My cousin Peter died yesterday. He was 57.
His father, a virulent alcoholic and big-time New York attorney, treated him miserably and died of alcoholism at 49.
His first stepfather was a brute of a man, frequently violent with Peter.
Peter’s birth father pulled some strings and somehow got him into Choate.
Peter was smart enough to hang there, but after the emotional and physical abuse he had suffered, he couldn’t handle the social pressure.
He had a nervous breakdown at age 15 and never recovered.
His second stepfather, Hal, is a wonderful man, but given the theme in Peter’s life of nothing ever going right, Peter’s mother passed away only a few years after they had gotten married.
She died of lung and lymphatic cancer. She was actually the second wife that husband #3 had lost to cancer.
One time, when Peter’s mother was dying, that third husband was driving me back to the train station after a visit.
“Everybody’s concerned about Susan,” I said. “How are you doing with all of this?”
I can still see the tall trees along the southern Connecticut country road rushing by as he stared through the windshield and pondered his response.
“Michael,” he said, at length, “for me, there will be another day.”
He’s been happily married to his wife #3 for more than 30 years.
But back to hard luck Peter.
He was in and out of institutions before he was stabilized enough to live independently, which he did until about 6 years ago.
He ran through the inheritance his mother had left him, since no one was minding the store in terms of his spending habits, which ran to lavish gifts to impress girls he would meet in mental institutions, filet mignon delivered to his door, and lottery tickets.
Did I mention he was also brilliant, wickedly funny like his birth father, and an eclectic reader with wide-ranging tastes, from Time Magazine to Tolstoy?
What a waste.
Peter’s temper ran hot, and his mental illness would cause him to call his psychiatrist, the police department, or my father’s office a hundred times a day.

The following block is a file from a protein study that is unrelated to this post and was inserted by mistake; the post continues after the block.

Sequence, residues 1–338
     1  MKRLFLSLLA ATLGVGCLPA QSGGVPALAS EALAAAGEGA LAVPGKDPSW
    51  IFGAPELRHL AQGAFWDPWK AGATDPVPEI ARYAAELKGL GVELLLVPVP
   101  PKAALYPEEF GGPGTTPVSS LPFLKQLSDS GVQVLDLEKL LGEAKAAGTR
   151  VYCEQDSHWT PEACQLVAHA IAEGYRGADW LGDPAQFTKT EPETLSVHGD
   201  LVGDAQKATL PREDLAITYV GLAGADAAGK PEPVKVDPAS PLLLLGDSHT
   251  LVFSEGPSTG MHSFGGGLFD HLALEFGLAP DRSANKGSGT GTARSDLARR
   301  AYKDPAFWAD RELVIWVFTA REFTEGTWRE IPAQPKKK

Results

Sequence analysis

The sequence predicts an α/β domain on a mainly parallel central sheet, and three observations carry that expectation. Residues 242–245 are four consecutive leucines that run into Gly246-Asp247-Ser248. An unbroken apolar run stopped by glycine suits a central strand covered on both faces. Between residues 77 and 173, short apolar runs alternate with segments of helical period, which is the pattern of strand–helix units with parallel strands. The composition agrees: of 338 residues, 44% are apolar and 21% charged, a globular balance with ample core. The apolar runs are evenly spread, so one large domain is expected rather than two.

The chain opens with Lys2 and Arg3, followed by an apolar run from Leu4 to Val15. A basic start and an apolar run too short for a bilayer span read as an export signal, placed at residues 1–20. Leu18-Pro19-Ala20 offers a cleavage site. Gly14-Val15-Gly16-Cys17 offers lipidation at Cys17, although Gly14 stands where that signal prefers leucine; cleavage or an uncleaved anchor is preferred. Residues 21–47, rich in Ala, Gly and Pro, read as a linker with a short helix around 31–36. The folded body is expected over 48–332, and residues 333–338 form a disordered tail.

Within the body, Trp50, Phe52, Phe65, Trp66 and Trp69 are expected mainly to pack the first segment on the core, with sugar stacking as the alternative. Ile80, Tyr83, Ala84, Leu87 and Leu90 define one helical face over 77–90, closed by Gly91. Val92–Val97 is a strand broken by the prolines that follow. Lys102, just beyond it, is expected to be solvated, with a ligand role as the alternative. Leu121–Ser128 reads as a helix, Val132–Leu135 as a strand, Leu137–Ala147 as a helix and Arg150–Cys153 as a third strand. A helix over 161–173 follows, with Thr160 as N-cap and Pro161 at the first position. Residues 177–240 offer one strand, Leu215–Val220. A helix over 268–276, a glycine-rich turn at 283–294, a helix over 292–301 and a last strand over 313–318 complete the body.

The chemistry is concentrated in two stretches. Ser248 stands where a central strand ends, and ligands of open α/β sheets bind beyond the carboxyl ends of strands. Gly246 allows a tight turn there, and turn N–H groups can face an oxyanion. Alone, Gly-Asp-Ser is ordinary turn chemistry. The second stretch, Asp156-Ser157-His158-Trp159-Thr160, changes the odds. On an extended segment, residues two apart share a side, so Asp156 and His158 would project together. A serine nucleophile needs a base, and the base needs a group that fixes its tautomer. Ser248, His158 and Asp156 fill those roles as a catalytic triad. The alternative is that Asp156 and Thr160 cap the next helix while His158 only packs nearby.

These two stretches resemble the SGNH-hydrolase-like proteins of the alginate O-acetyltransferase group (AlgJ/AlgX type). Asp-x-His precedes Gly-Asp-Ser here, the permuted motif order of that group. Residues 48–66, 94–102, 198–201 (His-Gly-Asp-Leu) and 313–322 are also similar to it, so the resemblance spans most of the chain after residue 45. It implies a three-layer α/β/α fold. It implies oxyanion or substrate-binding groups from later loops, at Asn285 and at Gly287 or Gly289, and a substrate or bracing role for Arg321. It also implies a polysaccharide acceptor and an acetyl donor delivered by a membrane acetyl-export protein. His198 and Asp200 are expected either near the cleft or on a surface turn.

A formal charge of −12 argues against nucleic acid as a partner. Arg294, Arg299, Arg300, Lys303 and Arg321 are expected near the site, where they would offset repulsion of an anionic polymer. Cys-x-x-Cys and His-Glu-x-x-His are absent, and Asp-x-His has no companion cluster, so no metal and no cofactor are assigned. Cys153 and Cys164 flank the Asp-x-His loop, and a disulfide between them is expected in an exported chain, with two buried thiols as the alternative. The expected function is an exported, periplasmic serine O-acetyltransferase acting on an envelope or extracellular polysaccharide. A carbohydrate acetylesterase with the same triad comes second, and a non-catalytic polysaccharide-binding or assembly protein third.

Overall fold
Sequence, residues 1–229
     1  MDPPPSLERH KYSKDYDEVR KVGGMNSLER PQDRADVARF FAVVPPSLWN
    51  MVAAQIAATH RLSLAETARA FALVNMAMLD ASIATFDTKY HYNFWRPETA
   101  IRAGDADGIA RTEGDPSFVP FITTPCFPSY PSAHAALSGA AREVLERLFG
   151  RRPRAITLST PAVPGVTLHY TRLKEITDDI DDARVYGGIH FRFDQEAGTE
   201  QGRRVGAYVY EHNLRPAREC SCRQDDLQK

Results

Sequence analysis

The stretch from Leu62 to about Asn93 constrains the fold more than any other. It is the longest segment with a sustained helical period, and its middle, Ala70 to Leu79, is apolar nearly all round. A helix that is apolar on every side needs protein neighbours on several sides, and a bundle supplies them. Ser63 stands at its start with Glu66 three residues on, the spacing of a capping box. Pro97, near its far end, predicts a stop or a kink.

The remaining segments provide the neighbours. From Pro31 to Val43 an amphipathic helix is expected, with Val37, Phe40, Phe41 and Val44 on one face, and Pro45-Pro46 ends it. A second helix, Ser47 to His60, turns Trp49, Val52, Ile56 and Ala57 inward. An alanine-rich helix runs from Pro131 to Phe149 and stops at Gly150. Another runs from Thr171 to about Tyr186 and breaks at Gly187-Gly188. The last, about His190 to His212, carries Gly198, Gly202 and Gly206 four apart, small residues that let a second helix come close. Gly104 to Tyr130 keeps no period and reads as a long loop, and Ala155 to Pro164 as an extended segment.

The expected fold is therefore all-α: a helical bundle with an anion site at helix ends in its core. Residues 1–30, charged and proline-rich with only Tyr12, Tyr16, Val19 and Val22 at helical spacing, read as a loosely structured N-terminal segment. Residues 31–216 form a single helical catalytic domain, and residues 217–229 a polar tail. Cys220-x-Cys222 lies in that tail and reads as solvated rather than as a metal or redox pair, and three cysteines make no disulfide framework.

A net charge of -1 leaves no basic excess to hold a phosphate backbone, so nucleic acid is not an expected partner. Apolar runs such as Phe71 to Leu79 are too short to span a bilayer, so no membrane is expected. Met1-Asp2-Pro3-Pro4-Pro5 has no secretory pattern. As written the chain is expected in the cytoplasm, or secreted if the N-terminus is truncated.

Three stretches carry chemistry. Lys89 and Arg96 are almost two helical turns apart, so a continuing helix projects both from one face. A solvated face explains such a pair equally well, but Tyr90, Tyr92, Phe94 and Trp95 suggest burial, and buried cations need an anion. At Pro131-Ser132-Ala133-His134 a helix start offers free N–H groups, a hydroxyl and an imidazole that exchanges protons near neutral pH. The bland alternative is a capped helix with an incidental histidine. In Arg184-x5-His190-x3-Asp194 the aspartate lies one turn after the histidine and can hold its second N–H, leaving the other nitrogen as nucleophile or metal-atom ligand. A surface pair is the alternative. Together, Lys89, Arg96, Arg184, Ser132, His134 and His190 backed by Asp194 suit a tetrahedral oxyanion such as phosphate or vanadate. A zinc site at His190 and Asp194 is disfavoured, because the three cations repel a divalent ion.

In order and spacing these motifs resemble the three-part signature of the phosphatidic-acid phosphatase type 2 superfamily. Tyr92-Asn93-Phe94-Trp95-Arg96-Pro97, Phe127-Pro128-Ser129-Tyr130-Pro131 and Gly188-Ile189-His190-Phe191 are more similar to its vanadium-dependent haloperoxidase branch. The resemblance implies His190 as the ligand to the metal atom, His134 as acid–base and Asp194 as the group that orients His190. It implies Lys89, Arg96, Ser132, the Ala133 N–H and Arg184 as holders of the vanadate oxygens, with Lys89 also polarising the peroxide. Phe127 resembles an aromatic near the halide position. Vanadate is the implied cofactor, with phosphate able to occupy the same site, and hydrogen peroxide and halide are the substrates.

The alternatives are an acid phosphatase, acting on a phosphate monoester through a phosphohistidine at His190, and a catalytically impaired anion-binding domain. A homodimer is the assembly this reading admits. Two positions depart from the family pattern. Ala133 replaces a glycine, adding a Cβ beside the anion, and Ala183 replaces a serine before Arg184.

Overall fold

No one was amused.
He was repeatedly arrested for harassment, became persona non grata at the neighborhood diner and drug store, and otherwise alienated anyone who tried to care for him.
He spent his last years in several state institutions in Connecticut, all but abandoned by blood relatives, getting into scrapes with his fellow patients, and never really getting better.
He burned out everybody who loved him, including me. After weekly calls that were practically identical in content for more than 30 years, and occasional visits, I couldn’t take it, either.
I’m ashamed to admit I had no contact with him in the last year of his life. A sin of omission, not commission, but a sin nonetheless.
Last night I got a text from my sister that Peter had “expired,” as the group home put it, due to a lethal combination of COPD and pneumonia.
Hard luck dogs him even in death. His last wish was to be buried in a family mausoleum my great-grandfather had built in the mid-1930s, but all the remaining spaces are reserved for members of another branch of the family.
(You wouldn’t catch me dead in a place like that, but that’s another story.)
He will most likely be cremated and interred alongside his beloved grandmother, in southern Connecticut, where he grew up.
In life, it seems as though some people get all the breaks.
I don’t know whether that’s true, but I can certainly tell you some people get none of them.
Peter was one of those.
He knew he’d gotten the short end of the stick.
Now he’s free.
We aren’t, but he is.
Photo: Getty Images